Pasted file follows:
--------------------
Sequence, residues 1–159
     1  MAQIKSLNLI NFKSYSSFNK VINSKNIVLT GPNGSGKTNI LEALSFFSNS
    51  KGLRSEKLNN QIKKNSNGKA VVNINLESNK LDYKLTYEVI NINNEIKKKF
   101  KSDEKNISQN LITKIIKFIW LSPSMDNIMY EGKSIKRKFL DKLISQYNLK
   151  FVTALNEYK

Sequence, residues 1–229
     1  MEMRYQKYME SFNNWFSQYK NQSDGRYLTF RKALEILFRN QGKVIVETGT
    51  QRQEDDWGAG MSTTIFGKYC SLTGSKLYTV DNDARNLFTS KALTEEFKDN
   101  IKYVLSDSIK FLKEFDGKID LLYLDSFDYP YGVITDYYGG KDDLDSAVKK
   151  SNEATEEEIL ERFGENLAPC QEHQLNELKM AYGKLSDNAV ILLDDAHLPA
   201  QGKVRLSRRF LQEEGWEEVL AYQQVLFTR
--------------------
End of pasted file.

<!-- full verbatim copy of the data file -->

Sequence, residues 1–159
     1  MAQIKSLNLI NFKSYSSFNK VINSKNIVLT GPNGSGKTNI LEALSFFSNS
    51  KGLRSEKLNN QIKKNSNGKA VVNINLESNK LDYKLTYEVI NINNEIKKKF
   101  KSDEKNISQN LITKIIKFIW LSPSMDNIMY EGKSIKRKFL DKLISQYNLK
   151  FVTALNEYK

Sequence, residues 1–229
     1  MEMRYQKYME SFNNWFSQYK NQSDGRYLTF RKALEILFRN QGKVIVETGT
    51  QRQEDDWGAG MSTTIFGKYC SLTGSKLYTV DNDARNLFTS KALTEEFKDN
   101  IKYVLSDSIK FLKEFDGKID LLYLDSFDYP YGVITDYYGG KDDLDSAVKK
   151  SNEATEEEIL ERFGENLAPC QEHQLNELKM AYGKLSDNAV ILLDDAHLPA
   201  QGKVRLSRRF LQEEGWEEVL AYQQVLFTR